plastic

28/Apr/2006 - 4/Feb/2007
"The modern woman's enthusiastic; all she owns is made of plastic," droned the Hungarian actress Irén Psota in 1959 in praise of the "unbendingly modern woman" - modern because everything she owned was made of plastic.

 

Not only were her stockings, eyelashes, and other bodily charms made of plastic, but everything else was, too - right down to her feelings and ideals. Still today we feel confident that human invention can be substituted for just about anything, until essentially everything around us -materials and objects alike - is artificial. And yet in the dynamically forward-marching "sixties" and "seventies," this entire line of thought had already taken on an edge of dubiousness and irony, as we witnessed in alarm that indeed, much too much of our world - our joys, our goals, and our ideas - had become artificial. Who today stops to think that modern life and plastic are virtually one and the same?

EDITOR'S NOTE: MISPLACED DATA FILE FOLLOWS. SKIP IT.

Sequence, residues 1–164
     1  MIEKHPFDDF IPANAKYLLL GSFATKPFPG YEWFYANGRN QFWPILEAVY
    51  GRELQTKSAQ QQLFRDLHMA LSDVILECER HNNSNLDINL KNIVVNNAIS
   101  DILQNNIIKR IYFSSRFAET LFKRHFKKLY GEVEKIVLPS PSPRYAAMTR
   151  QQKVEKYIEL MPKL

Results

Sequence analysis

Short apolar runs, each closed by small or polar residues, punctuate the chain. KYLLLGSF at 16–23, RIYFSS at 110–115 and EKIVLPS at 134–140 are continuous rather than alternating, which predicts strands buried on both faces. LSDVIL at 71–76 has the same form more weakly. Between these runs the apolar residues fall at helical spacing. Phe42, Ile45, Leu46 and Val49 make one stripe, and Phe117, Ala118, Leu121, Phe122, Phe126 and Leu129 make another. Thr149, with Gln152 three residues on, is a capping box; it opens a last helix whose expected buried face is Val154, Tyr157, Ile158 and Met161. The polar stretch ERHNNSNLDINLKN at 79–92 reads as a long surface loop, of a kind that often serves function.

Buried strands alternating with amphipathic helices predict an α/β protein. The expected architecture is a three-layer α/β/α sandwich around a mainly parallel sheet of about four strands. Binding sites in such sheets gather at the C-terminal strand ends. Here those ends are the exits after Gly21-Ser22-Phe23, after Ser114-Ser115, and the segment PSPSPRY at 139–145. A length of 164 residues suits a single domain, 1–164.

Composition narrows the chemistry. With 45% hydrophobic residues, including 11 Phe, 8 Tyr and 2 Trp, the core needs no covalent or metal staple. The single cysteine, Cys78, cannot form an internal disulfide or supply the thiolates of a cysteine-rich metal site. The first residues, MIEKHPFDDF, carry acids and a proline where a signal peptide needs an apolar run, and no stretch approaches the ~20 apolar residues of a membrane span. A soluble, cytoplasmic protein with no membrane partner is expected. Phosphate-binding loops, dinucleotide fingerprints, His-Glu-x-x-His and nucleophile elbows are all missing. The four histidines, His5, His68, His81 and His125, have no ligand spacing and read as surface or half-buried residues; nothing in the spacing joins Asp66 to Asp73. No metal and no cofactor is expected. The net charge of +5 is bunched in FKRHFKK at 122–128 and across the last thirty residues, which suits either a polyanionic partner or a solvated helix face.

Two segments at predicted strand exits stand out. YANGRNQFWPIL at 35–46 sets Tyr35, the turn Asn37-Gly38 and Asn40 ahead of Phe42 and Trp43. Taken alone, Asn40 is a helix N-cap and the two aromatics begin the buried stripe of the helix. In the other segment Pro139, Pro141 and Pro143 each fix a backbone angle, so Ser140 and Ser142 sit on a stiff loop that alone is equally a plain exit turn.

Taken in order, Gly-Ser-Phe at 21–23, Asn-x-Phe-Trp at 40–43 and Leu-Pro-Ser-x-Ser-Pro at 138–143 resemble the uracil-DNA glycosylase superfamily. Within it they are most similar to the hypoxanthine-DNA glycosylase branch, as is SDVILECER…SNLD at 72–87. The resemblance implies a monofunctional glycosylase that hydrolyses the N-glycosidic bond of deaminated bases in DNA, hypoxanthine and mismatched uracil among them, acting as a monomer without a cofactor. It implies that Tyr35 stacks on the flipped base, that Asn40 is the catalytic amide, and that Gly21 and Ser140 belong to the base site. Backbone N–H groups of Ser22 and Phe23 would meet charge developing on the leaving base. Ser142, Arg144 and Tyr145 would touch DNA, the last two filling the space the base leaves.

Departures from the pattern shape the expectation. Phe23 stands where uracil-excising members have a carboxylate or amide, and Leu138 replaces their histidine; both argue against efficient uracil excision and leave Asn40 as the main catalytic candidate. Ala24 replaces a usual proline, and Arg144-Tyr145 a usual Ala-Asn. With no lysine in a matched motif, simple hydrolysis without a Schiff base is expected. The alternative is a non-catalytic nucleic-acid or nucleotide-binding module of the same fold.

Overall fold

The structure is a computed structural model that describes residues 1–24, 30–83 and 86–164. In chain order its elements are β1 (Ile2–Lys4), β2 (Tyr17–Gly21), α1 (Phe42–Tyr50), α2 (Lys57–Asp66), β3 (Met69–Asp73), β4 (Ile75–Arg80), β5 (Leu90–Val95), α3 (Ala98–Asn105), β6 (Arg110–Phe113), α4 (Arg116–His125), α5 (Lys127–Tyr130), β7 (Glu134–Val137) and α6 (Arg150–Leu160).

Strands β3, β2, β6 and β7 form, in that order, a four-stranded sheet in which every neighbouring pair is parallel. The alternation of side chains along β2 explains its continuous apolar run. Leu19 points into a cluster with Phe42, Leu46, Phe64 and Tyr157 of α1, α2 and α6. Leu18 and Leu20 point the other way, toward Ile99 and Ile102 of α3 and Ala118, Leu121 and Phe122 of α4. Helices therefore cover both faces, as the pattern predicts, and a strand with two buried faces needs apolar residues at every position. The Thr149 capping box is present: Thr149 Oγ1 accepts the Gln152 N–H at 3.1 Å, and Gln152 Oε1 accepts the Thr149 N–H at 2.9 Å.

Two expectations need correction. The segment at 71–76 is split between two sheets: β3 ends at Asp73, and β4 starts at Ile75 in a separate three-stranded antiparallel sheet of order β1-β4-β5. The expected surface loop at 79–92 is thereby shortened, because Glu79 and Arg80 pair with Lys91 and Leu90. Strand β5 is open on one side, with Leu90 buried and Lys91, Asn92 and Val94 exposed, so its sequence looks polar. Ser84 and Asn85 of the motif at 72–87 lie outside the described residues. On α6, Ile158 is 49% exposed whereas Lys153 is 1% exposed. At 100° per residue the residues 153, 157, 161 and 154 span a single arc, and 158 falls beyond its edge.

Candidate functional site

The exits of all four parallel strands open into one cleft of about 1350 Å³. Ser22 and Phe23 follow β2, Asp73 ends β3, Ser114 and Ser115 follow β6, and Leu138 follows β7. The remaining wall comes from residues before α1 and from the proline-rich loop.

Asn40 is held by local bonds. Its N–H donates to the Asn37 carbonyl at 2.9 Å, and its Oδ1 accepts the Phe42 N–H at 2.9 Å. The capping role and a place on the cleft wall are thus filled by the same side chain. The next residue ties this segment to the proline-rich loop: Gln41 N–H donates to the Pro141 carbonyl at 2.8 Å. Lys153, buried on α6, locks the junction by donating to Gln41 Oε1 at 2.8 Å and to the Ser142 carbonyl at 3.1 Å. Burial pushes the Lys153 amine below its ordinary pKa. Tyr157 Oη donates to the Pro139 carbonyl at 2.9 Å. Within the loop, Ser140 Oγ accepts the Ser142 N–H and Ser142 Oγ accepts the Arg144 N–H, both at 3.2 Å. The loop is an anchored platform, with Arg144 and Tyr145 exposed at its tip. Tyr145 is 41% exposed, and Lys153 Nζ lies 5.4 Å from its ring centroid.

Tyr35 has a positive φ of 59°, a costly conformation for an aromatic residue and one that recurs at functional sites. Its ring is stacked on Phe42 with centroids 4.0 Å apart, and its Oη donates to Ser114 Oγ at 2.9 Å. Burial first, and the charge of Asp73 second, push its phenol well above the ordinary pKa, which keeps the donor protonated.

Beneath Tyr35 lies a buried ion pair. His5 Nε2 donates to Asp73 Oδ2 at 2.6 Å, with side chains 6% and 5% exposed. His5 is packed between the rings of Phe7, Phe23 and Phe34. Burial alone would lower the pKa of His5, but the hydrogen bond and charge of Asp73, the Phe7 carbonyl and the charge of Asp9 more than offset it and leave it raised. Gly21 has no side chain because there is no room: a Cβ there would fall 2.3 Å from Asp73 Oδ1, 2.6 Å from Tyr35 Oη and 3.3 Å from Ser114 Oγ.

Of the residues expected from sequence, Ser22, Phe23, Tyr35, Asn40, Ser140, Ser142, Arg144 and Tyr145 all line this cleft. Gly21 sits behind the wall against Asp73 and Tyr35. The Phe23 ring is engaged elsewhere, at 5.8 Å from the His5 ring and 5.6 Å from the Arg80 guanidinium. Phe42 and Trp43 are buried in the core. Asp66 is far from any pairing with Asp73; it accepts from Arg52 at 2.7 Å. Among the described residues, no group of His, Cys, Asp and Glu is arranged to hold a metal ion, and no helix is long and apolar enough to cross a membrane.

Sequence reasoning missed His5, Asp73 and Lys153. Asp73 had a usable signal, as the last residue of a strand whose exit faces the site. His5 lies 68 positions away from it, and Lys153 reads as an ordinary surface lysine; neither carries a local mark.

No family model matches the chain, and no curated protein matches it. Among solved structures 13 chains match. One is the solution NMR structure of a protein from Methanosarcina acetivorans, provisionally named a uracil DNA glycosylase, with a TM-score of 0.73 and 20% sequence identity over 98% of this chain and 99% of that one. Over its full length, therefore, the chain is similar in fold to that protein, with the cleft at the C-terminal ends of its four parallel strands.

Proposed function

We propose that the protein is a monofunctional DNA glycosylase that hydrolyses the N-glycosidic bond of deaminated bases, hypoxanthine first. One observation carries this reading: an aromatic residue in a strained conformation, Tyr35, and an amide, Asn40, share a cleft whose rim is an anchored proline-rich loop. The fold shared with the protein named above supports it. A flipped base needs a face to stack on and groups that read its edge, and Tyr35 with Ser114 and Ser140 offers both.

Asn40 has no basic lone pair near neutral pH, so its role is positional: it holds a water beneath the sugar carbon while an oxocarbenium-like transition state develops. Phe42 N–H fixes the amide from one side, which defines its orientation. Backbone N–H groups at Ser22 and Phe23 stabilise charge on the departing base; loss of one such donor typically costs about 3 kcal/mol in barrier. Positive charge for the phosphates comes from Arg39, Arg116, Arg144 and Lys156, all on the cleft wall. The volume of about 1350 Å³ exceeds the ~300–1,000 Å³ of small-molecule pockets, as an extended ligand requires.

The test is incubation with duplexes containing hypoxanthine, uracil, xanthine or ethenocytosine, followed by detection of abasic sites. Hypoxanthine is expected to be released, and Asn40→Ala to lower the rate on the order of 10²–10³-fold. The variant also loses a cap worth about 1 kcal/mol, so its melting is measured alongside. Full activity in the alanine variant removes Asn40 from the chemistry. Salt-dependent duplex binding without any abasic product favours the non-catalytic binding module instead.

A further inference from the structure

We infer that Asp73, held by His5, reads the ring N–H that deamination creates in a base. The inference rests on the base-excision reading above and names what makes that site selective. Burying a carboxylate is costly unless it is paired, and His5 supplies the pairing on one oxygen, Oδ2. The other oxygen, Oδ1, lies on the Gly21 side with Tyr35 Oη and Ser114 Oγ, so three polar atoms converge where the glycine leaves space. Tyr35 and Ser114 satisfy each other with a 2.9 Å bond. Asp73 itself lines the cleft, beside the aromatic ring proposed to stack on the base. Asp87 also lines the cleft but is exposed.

Soft drink bottles, shrink wrap, garden chairs - today's material commonplaces, with a host of doomsday-sayers in their wake. ...as if our lives were nothing more than dollar stores and flea-market stands; but what would happen if all else made of plastic were to suddenly evaporate.

Then we would realize that plastic is indeed here, unavoidable; that we live with it and that it is part of - an expression of - our modern experience. It is this - all commonplaces aside - that we should understand better, if we are to learn more of our world today. It is often noted that our everyday material environment is as confusing as it is fascinating, and as exciting as it is difficult to comprehend. In this exhibition, the visitor will encounter a few simple methods native to the field of ethnography, articles seeking to teach us more about a large subset of the objects of modern times, and in doing so, about the embodiment of ourselves within them.



Curated by:
Zoltán Fejős
Corroborating museum staff
Zsófia Frazon, László Torma, and Tünde Turai
with assistance from
Gábor Vályi, Julia Vörös and the founders of the collection currently on display